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Even if you don’t remember a lick of elementary school classwork, it’s likely the joys and terrors of the schoolyard linger. I remember vividly the black asphalt playground of my Catholic elementary school in Oklahoma, where we played tag over its patched tar lines, kickball with balls that seemed always slightly deflated, and where a classmate would stomp on another boy’s feet while he tried to put his stolen shoes back on — camaraderie mingling with cruelty. In Playground, a new book and exhibition at Aperture Gallery in Chelsea, photographer James Mollison captures those narratives of pleasure and torment from school recreation spaces around the world.
Setting up his tripod in playgrounds in the United States, Sierra Leone, Bhutan, India, Japan, Kenya, Norway, Argentina, the United Kingdom, and other locales, Mollison would capture several frames of each site, which he then stitched together into a composite vision. Mollison previously published Where Children Sleep, a series on the bedrooms (or lack thereof) of children across the globe, and Playground similarly has a lot of empathy for the lives of others. His images capture the similarities of youthful play across social boundaries and national borders, but also the deep divides of class and privilege that are often put in place long before we’re old enough to understand their implications.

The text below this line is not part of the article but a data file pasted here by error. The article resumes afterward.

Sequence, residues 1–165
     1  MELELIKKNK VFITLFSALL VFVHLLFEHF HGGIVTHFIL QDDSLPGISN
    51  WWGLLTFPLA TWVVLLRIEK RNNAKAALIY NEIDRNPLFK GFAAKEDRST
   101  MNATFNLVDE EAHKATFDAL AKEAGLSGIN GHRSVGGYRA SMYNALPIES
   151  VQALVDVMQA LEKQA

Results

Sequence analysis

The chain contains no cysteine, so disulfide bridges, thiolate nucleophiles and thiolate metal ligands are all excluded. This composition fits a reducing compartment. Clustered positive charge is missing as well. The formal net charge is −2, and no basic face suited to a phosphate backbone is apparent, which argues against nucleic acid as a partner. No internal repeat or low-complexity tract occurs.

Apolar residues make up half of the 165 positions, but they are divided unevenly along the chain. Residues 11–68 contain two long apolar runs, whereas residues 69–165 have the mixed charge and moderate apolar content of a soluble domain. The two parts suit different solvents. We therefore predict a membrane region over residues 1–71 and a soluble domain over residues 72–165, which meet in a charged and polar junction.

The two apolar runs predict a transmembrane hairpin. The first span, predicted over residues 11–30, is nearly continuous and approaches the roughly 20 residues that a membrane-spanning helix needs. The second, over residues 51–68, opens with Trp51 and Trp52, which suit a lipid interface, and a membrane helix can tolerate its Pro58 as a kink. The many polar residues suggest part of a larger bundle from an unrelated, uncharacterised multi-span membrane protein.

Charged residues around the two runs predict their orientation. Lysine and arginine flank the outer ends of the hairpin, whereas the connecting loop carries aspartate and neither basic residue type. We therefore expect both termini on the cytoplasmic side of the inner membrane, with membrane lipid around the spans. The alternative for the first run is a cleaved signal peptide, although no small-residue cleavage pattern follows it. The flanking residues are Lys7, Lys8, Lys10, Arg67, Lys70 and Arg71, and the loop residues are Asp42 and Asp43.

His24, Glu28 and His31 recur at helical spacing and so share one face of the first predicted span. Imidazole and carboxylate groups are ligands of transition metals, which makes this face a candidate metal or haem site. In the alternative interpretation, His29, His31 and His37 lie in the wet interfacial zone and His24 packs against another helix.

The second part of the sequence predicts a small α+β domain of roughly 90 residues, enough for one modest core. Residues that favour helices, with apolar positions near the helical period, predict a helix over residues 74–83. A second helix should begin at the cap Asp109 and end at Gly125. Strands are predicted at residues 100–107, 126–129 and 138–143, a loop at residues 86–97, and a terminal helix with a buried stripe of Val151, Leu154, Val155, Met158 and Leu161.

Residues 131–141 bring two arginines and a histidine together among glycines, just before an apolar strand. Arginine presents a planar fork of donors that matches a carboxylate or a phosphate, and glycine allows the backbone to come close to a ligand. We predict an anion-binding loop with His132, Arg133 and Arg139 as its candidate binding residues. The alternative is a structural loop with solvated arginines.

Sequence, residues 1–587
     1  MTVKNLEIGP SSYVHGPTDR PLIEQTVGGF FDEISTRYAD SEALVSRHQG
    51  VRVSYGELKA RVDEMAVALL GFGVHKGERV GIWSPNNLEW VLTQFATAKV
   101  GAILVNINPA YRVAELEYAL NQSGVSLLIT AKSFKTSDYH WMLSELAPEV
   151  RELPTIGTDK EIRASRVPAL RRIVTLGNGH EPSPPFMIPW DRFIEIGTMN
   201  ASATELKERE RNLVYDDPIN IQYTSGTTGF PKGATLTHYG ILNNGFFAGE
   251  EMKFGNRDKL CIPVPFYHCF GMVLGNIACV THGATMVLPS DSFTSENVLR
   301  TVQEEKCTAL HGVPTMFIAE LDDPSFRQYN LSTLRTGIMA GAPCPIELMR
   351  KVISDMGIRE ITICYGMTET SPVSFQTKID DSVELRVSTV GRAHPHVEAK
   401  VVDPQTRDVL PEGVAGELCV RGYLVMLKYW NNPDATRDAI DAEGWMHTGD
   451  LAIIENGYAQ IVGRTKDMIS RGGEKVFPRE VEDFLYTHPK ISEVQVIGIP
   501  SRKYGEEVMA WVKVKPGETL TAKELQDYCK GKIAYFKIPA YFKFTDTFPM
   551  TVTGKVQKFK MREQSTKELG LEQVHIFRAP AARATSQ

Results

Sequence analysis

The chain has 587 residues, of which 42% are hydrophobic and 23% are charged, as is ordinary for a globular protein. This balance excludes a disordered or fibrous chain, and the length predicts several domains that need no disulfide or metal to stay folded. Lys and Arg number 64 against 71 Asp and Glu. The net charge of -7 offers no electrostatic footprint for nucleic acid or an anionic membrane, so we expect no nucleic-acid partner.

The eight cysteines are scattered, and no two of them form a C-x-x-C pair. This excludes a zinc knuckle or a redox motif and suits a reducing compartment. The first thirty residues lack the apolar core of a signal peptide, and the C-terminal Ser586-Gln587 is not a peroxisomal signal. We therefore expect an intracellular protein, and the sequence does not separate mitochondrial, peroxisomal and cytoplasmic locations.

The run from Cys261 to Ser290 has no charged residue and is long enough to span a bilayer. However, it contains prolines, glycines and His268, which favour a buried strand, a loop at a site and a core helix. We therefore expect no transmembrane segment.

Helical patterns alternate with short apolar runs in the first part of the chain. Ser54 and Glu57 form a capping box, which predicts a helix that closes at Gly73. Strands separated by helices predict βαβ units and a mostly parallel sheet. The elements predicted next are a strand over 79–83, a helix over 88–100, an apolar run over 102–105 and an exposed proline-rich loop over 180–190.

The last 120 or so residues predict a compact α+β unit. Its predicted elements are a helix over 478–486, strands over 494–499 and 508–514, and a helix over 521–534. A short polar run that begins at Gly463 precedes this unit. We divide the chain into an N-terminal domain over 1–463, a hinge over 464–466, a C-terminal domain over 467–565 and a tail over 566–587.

The settings are vastly different, from the ultramodern rooftop gymnasium at Shohei Elementary School in Japan and the rustic trees and faux campsite of Utheim Skole in Norway, to the crowded space surrounded by low, ramshackle structures with metal roofs at Valley View Academy in Nairobi, Kenya. Yet whether in the startling scene of the Aida Boys’ School in Bethlehem, with the looming shadow of a dividing wall and watchtower beyond the sun-bleached concrete space, or the contrasting Holtz High School in Tel Aviv, where orderly uniforms and even an old helicopter characterize the Israeli Air Force-affiliated school, Mollison found that play remained ubiquitous.
In each photograph there is roughhousing, physical games like tug-of-war and clambering over dangerous-looking metal equipment, and bullying. As journalist Jon Ronson writes in his forward, excerpted by the New Yorker earlier this month: “I see it as a book of horror photographs: little flashes of violence and cruelty. My eyes skip past the comfortable little cliques and the best friends holding hands to the outcasts, the pariahs, the ones protecting their faces from the blows.” Like a living Where’s Waldo? illustration, in each photograph are those echoes of different memories, both good and bad, in the chaotic schoolyard crowd.